Terre Haute and Vigo County were long considered strongholds of Democratic Party politics. In the last decade or so, that has changed. While Democrats once controlled almost all major local offices and state legislative seats, that is no longer the case. Republicans now hold the offices of Terre Haute mayor and Vigo County prosecutor, and all but one of the local legislative seats are held by the GOP.
Much the same can be said of other Hoosier districts, including Evansville and Vanderburgh County.
Hoosier Democrats have seen their influence shrink statewide and beyond. The governor’s office has been held by a Republican for the past 12-plus years. GOP super majorities control both chambers of the legislature. Only two of nine congressional seats are held by Democrats. The one lone Democratic bright spot is Joe Donnelly, who holds one of two Indiana seats in the U.S. Senate.
Even when the GOP is doing a good job, having one political party with an iron grip on state government is not a good recipe for a successful representative democracy in the long term.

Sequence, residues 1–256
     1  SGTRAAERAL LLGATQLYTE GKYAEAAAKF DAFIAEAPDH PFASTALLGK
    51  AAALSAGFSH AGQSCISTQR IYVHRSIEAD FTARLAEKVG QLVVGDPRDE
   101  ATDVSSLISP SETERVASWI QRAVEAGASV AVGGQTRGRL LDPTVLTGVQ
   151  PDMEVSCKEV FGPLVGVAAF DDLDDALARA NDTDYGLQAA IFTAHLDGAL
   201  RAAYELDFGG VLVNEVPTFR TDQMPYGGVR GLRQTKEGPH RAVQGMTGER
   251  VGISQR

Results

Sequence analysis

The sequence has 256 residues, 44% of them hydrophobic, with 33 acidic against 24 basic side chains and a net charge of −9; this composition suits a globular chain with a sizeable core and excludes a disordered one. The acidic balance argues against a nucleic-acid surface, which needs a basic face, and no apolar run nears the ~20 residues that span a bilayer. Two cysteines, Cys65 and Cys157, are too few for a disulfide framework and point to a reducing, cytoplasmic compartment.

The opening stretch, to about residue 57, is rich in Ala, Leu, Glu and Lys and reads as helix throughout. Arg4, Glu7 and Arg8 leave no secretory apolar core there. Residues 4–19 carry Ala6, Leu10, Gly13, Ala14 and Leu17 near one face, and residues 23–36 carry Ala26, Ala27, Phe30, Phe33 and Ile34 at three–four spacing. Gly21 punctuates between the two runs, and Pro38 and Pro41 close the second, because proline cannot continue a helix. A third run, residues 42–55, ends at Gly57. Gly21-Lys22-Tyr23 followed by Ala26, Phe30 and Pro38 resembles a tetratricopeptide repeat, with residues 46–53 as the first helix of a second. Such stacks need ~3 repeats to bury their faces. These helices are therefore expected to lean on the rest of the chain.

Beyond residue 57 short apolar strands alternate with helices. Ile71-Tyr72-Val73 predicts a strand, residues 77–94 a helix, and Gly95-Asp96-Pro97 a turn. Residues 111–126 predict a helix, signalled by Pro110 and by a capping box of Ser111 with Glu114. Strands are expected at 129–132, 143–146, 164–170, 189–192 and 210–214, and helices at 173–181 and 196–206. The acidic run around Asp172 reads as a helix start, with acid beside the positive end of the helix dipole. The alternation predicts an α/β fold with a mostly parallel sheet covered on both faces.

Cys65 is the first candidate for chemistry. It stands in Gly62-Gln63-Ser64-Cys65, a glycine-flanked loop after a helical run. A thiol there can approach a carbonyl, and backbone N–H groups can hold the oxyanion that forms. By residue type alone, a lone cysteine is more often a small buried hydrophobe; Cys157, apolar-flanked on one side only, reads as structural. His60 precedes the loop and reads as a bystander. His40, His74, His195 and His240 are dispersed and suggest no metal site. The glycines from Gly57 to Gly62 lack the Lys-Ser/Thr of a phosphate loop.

Part of the Democratic Party’s problem has been the lack of a cohesive message and strong candidates to deliver them. Democrats can blame gerrymandering all they want, but until they can recruit appealing candidates and put forth a compelling alternative message, they are destined to remain in a weak position in the statehouse.
One of the few Democrats generating enthusiasm is Pete Buttigieg, the 35-year-old mayor of South Bend. In addition to being popular in his community, he drew attention nationwide earlier this year with his candidacy for the chairmanship of the Democratic National Committee. While he didn’t win that post, he most certainly won many fans across the country.
Buttegieg has encouraged Indiana Democrats to do more than just criticize Republicans in power. Democrats, he said, “need to show a better way” and provide a constructive contrast. “It’s one thing to point out flaws of the Trump administration and there are a great many, but that’s not enough,” he said. “That’s not a message. We have to say what we would do that’s gonna be different.”
Whether you are a Republican, Democrat or politically independent, you have a stake in a viable two-party system that provides checks and balances, as well as ideological alternatives to solving problems. We hope those who call themselves Democrats will heed Mayor Buttegieg’s advice and find a way to make their party more relevant as an effective force for good government.
A version of this editorial first appeared in the Terre Haute Tribune-Star.